Sometimes, we have certainties on which we would be happy to bet anything. Who doubts, for example, that humans perceive sounds only thanks to their ears? Probably nobody.
In reality, we do not hear only through our outer ear, but also via our skull bones that can communicate to the inner ear, thanks to the phenomenon of bone conduction.
This is the first article in a series on this type of sound conduction and we will explore together how it works and its interesting applications.
Let’s start with the answers to three simple questions:
1. What is it and how does bone conduction works?
Before explaining how sound propagation happens through bone conduction, we need to understand the sound path through the auditory system.
The human ear is divided into three parts: the outer, middle and inner ear.
The sound wave, in the form of air vibrations, enters into the auricle (external ear) and reaches the eardrum. The tympanic membrane changes the nature of the sound wave vibrations, propagating them as mechanical vibrations through the ossicles (middle ear). Finally, the sound wave is transmitted to the cochlea (inner ear), and it is transformed into electrical impulses which will be processed by the brain.
Now, to get a real feeling of what bone conduction is, I invite you to make a curious experiment. If we take a piece of wood, we hold it between our teeth and we let its end touch a vibrating sound source, we will make a very special experience. We will hear, clear and crisp, the sound of the sound source, but we will also have an unusual feeling: we will feel the sound not coming from our ears but, instead, directly from inside our head. This is not an illusion, it is what is actually happening!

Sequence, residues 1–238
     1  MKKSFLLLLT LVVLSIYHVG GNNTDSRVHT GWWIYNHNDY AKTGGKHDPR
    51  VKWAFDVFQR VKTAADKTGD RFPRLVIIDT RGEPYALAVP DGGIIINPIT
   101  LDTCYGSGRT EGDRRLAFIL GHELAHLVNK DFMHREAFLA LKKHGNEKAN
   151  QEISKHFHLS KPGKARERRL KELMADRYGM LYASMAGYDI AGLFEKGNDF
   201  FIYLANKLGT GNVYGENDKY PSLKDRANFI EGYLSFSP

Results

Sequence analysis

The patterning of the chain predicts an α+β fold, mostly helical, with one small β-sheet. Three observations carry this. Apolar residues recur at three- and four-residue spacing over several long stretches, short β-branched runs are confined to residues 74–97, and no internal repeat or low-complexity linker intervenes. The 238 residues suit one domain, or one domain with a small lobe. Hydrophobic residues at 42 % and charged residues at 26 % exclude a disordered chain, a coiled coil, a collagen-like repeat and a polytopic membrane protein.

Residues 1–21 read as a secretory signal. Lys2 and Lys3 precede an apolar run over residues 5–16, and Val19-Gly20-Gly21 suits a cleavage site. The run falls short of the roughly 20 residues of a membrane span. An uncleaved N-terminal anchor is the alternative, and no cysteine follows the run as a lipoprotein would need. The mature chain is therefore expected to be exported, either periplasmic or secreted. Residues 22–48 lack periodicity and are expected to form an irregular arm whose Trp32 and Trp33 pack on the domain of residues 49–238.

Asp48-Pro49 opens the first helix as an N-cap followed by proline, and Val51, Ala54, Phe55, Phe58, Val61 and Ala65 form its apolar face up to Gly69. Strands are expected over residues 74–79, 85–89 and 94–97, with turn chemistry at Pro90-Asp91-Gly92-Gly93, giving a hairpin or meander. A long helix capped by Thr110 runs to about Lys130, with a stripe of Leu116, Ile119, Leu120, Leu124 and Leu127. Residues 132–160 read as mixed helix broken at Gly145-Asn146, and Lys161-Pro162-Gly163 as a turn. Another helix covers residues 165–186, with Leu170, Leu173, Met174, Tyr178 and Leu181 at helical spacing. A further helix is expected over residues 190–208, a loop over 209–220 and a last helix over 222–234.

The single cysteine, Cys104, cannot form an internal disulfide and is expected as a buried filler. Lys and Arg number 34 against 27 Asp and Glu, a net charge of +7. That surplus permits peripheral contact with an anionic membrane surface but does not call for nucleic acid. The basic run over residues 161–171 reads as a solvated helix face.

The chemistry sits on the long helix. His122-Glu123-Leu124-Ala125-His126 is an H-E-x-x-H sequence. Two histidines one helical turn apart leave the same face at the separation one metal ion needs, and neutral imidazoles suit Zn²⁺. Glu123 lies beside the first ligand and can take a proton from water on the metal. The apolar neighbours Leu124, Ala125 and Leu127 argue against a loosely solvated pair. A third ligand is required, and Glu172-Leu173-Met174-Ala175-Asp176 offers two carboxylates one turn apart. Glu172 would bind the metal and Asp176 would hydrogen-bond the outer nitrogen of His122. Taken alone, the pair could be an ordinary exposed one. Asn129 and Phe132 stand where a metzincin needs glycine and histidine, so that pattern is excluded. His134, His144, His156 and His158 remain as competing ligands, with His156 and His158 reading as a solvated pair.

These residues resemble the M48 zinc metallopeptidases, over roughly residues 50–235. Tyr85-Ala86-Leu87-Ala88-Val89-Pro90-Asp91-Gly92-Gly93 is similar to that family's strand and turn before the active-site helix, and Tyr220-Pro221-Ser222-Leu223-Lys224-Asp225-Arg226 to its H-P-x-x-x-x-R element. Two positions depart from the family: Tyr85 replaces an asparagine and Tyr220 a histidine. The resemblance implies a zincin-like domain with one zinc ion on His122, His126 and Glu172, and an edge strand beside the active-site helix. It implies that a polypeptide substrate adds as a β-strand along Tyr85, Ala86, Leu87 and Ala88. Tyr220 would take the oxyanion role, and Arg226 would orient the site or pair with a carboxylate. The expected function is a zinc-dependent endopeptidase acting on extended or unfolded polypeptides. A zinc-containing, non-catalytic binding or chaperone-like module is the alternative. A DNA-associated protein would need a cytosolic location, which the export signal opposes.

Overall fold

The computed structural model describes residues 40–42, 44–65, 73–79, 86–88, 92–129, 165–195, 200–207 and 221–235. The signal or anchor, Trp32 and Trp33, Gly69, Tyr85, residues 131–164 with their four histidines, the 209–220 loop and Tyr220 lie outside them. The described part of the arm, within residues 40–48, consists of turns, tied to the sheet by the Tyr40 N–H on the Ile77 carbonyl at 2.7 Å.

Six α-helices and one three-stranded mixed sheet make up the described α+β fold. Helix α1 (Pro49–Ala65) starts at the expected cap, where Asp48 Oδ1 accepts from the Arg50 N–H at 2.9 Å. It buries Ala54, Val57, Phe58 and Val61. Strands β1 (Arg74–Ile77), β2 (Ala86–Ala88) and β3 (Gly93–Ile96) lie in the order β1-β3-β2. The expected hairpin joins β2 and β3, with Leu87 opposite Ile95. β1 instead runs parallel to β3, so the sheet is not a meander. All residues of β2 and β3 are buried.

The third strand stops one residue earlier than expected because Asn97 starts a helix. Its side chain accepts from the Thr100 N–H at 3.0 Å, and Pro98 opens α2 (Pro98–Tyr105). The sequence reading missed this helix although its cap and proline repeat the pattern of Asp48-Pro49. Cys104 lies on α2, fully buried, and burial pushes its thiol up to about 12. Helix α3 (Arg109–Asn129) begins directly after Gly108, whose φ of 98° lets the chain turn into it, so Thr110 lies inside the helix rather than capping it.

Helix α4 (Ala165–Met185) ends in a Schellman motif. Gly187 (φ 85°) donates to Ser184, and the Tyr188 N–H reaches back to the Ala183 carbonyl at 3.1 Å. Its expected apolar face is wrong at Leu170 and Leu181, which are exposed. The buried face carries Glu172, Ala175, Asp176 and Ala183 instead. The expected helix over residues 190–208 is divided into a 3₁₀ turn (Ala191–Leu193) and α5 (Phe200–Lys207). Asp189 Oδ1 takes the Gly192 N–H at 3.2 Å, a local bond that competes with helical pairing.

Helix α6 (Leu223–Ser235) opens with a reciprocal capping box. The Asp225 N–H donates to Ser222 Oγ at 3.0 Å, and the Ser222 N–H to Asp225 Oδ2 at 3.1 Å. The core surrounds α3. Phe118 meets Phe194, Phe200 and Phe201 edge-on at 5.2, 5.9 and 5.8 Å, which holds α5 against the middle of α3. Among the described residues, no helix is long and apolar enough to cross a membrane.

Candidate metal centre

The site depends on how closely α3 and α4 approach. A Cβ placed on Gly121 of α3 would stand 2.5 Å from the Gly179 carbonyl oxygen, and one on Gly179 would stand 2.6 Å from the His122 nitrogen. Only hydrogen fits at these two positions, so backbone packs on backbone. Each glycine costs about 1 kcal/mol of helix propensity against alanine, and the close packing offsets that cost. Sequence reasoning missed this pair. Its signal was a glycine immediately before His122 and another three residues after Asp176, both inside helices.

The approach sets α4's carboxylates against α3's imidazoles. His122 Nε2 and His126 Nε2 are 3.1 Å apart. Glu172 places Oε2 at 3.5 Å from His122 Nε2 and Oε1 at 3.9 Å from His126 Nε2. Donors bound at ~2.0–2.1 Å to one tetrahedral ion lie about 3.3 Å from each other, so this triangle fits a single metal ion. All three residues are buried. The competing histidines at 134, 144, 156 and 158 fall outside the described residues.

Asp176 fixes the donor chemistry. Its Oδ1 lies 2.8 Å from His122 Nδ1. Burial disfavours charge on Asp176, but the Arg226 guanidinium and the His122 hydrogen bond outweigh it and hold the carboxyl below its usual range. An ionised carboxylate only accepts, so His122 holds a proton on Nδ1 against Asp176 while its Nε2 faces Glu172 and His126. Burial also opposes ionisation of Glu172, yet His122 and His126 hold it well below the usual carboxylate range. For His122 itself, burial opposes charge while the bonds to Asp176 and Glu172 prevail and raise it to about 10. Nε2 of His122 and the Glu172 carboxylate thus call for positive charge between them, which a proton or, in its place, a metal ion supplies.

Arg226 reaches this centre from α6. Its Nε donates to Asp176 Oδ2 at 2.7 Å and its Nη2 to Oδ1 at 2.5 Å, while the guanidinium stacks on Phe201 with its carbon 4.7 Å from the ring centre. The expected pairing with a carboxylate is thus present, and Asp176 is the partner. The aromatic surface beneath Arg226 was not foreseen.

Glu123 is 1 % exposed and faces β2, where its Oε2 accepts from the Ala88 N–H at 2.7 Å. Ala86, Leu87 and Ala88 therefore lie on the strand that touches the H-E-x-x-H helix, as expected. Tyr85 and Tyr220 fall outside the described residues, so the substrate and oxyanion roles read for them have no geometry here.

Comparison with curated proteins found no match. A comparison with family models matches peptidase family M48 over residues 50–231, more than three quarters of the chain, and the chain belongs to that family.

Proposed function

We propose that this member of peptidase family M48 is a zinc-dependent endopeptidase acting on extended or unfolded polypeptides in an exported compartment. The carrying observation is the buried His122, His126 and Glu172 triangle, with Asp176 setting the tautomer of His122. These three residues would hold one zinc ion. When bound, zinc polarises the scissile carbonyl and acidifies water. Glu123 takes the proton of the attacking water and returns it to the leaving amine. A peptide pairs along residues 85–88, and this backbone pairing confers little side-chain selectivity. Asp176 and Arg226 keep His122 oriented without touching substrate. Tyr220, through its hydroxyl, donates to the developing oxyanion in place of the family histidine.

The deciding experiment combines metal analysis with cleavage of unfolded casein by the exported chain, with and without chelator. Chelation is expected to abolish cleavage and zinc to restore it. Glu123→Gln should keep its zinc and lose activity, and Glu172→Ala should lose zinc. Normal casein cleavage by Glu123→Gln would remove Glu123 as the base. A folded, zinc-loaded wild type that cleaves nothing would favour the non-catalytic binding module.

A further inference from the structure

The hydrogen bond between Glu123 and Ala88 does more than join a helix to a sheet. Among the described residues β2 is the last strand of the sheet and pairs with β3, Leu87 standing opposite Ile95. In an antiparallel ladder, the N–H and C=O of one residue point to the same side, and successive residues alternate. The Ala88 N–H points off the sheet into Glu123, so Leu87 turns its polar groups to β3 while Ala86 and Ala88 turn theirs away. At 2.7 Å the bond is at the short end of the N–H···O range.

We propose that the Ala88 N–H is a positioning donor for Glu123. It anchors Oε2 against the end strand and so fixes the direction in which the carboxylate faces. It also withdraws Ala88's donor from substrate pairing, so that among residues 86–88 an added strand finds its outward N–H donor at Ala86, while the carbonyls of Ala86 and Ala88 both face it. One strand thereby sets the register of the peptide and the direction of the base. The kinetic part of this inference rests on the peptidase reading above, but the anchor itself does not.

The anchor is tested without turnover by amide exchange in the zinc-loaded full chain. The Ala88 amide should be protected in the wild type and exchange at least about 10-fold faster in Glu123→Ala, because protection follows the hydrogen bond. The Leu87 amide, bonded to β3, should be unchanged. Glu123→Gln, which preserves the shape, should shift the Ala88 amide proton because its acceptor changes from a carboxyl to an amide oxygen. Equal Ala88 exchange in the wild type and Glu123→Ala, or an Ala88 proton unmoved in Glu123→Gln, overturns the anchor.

This is because our bones are excellent conductors of vibrations and also the upper and lower jaw can contribute to our perception of sounds. In this case, instead of travelling through the air, as typically happens, the sound signal is conveyed from the cranial bones that transmit it to the innermost part of the ear, and then continues the normal route to the brain. With bone conduction, the outer ear and ear drum are simply bypassed.
Another concrete example of this phenomenon? Try to record your voice and listen to it again: you will realize that it sounds very different from the way you’re used to hear while you are talking. The difference is due to the fact that we hear our voice mainly through its internal propagation via the skull, rather than through the our ears. We can tell the difference because the cranial bones transmit better low frequencies than air does, so our voice sounds lower and more intense.
2.What is an interesting application of bone conduction?
A particular application of sound transmission via bone conduction is starting to spread among the general public: bone conduction headphones. This type of headphones are placed between the maxilla and the mandible, right in front of the ears, leaving the ear completely free.
3. How do bone conduction headphones work?